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The standard library does this for some of the iostream classes in the standard header <iosfwd>. However, it is not a generally applicable technique - notice there are no such headers for the other standard library types, and it should not (IMHO) be your default approach to designing class heirarchies.

Although this eems to be a favourite "optimisation" for programmers, I suspect that like most optimisations, few of them have actually timed the build of their projects both with and without such declarations. My limited experiments in this area indicate that the use of pre-compiled headers in modern compilers makes it unecessary.

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+1: for "this should not be the default approach", and "measure". –  peterchen Apr 26 '09 at 17:48
    
Agreed on the "optimisation" comment. With distributed builds, I find that the (parallel) compile phase tends to be shorter than the (single-threaded) link phase, especially when using whole program optimization. Forward declarations may decrease incremental build time, but that's harder to measure, and doesn't affect my team's nightly build. –  bk1e Apr 26 '09 at 19:24

In general, no.

I used to forward declare as much as I could, but no longer.

As far as Qt is concerned, you may notice that there is a <QtGui> include file that will pull in all the GUI Widgets. Also, there is a <QtCore>, <QtWebKit>, <QtNetwork> etc. There's a header file for each module. It seems the Qt team believes this is the preferred method also. They say so in their module documentation.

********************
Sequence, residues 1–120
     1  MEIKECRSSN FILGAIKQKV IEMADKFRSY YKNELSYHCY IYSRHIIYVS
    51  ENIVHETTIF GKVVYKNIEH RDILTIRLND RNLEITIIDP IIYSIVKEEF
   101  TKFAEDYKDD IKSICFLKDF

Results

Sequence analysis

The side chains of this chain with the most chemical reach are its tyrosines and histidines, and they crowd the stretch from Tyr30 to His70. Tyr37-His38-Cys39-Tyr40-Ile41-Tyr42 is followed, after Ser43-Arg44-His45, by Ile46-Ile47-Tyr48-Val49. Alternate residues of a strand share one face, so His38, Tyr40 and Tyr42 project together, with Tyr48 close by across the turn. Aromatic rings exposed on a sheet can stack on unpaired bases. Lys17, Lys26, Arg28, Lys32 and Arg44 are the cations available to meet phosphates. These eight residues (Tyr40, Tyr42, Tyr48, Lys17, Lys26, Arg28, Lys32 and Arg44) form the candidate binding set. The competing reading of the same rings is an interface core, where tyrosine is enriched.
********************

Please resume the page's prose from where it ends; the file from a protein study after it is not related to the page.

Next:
True, the compilation time may be increased. But in my experience its just not that much. And if it were, using precompiled headers would be the next step.

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i think that's a different thing. It often makes sense to group headers together for convenience. Like boost does too ("a few big headers include many small headers") and Qt, like you show, does too. But it does not make much sense to include thousands of lines when all you need is one single line of code that makes a type known as a class-type. –  Johannes Schaub - litb Apr 26 '09 at 17:01
    
like if you look into QtGui/qregion.h, you will see it does not include the whole of qvector.hpp because it needs QVector in the return type of one member function. But it uses a forward declaration "template <class T> class QVector;" instead. –  Johannes Schaub - litb Apr 26 '09 at 17:08
1  
Ugh. I knew I was going to get voted down for this. It seems SO is all about getting the most popular answer, not the most correct. –  Mark Beckwith Apr 26 '09 at 17:36
1  
@mark - it's strange the notions people get emotionally attached to, isn't it? Motherhood and apple pie I can kind of understand, but forward declarations???? –  anon Apr 26 '09 at 18:21
    
@neil - haha yeah. –  Mark Beckwith Apr 26 '09 at 21:14

When you write ...

include "foo.h"

... you thereby instruct a conventional build system "Any time there is any change whatsover in the library file foo.h, discard this compilation unit and rebuild it, even if all that happened to foo.h was the addition of a comment, or the addition of a comment to some file which foo.h includes; even if all that happened was some ultra-fastidious colleague re-balanced the curly braces; even if nothing happened other than a pressured colleague checked in foo.h unchanged and inadvertently changed its timestamp."

Why would you want to issue such a command? Library headers, because in general they have more human readers than application headers, have a special vulnerability to changes that have no impact on the binary, such as improved documentation of functions and arguments or the bump of a version number or copyright date.

The C++ rules allow namespace to be re-opened at any point in a compilation unit (unlike a struct or class) in order to support forward declaration.

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Forward declarations are very useful for breaking the circular dependencies, and sometimes may be ok to use with your own code, but using them with library code may break the program on another platform or with other versions of the library (this will happen even with your code if you're not careful enough). IMHO not worth it.